Author: Robert Penn Warren
Length: 661 pages
Source: Local Library
Award: Pulitzer Prize
Challenges: 1930's Mini Challenge, Historical Fiction Reading Challenge
Personal Enjoyment Factor: 5/5
"The end of man is knowledge, but there is one thing he can't know. He can't know whether knowledge will save him or kill him."
This Pulitzer Prize winning novel is one that wowed me. The writing gave me an adrenaline rush, and pleasure not unlike the ecstasy of deliberately savoring a Godiva truffle. (Yikes, I'm making my mouth water.)
Chocolate similes aside, the story focuses mainly on two men: Willie Stark, an idealistic, but simple lawyer turned corrupt politician in 1930's Louisiana, and Jack Burden, the guy who does much of his dirty work for him--digging into the past to uncover information to use against his political enemies. As Stark satisfies his lust for power, Burden is searching for knowledge and truth--sometimes passively, sometimes actively--not only about the people he is investigating, but about the whole meaning (or lack thereof) of life and morality and love and responsibility and identity.
For me, Jack Burden's philosophical ramblings were the most satisfying part of the book, but Warren knows just when to pull out and get back to the story, which was compelling. The characters were vividly drawn and memorable. There's a touch of melodrama here and there, but it has just the perfect effect. I humbly proclaim All the King's Men a masterpiece. Modern Library was not quite as enthusiastic as me--they named it the 36th best English-language novel of the 20th century. Not bad, but I'd gladly kick one out of the top ten and replace it with this one. Like Ulysses or Sons and Lovers. I would not be sad to see them go. They're more like brussels sprouts, not gourmet candy.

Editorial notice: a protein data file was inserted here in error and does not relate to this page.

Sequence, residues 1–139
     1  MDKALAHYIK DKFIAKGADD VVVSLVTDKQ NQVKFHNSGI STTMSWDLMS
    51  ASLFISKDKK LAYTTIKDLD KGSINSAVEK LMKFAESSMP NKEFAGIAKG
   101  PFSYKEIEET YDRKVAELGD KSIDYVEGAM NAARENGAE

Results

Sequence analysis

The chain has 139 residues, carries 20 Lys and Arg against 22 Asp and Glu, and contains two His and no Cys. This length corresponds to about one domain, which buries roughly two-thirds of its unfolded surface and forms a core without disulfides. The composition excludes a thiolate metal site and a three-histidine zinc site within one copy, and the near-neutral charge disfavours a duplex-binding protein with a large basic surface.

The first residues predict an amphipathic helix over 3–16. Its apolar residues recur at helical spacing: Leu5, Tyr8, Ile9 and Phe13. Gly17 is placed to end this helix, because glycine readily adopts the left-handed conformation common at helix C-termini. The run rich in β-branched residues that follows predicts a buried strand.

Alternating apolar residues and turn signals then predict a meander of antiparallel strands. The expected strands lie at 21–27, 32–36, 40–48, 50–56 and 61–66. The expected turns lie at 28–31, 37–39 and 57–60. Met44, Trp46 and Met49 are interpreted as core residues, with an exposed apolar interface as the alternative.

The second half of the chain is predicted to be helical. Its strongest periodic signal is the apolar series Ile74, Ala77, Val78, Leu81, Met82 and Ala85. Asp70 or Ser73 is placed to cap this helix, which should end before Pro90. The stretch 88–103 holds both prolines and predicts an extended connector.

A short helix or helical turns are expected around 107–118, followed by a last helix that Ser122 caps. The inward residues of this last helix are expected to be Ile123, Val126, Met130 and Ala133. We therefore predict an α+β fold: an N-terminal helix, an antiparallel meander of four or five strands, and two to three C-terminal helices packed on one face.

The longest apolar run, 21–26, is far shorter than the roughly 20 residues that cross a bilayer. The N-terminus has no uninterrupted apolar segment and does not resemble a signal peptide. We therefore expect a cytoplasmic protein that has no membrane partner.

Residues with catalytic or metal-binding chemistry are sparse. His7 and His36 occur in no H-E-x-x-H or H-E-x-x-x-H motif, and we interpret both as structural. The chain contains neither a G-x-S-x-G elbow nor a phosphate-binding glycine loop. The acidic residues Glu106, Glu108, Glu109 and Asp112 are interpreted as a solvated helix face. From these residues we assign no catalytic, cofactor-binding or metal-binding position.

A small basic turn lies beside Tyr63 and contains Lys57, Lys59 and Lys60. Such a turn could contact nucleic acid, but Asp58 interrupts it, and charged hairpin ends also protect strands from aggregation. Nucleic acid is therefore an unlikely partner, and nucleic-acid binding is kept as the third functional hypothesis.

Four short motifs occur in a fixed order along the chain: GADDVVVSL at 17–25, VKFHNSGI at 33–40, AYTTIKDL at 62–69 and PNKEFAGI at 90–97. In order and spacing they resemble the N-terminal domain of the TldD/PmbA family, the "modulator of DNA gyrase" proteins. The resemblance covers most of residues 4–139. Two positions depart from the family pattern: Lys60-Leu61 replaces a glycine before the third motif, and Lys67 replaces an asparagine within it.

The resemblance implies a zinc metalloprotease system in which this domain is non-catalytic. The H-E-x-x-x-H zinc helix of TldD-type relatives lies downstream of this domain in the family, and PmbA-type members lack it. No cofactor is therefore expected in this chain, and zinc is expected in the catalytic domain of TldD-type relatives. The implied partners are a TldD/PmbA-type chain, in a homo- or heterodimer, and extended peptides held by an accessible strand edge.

Here's a chocolate sample, or at least food for thought:
"Perhaps the only answer, I thought then, was that by the time we understand the pattern we are in, the definition we are making for ourselves, it is too late to break out of the box. We can only live in terms of the definition, like the prisoner in the cage in which he cannot lie or stand or sit, hung up in justice to be viewed by the populace. Yet the definition we have made of ourselves is ourselves. To break out of it, we must make a new self. But how can the self make a new self when the selfness which it is, is only the substance from which the new self can be made?"
I'm still digesting that one.
For a collection of reviews of other books about the 1930's, check out this post at Things Mean A Lot.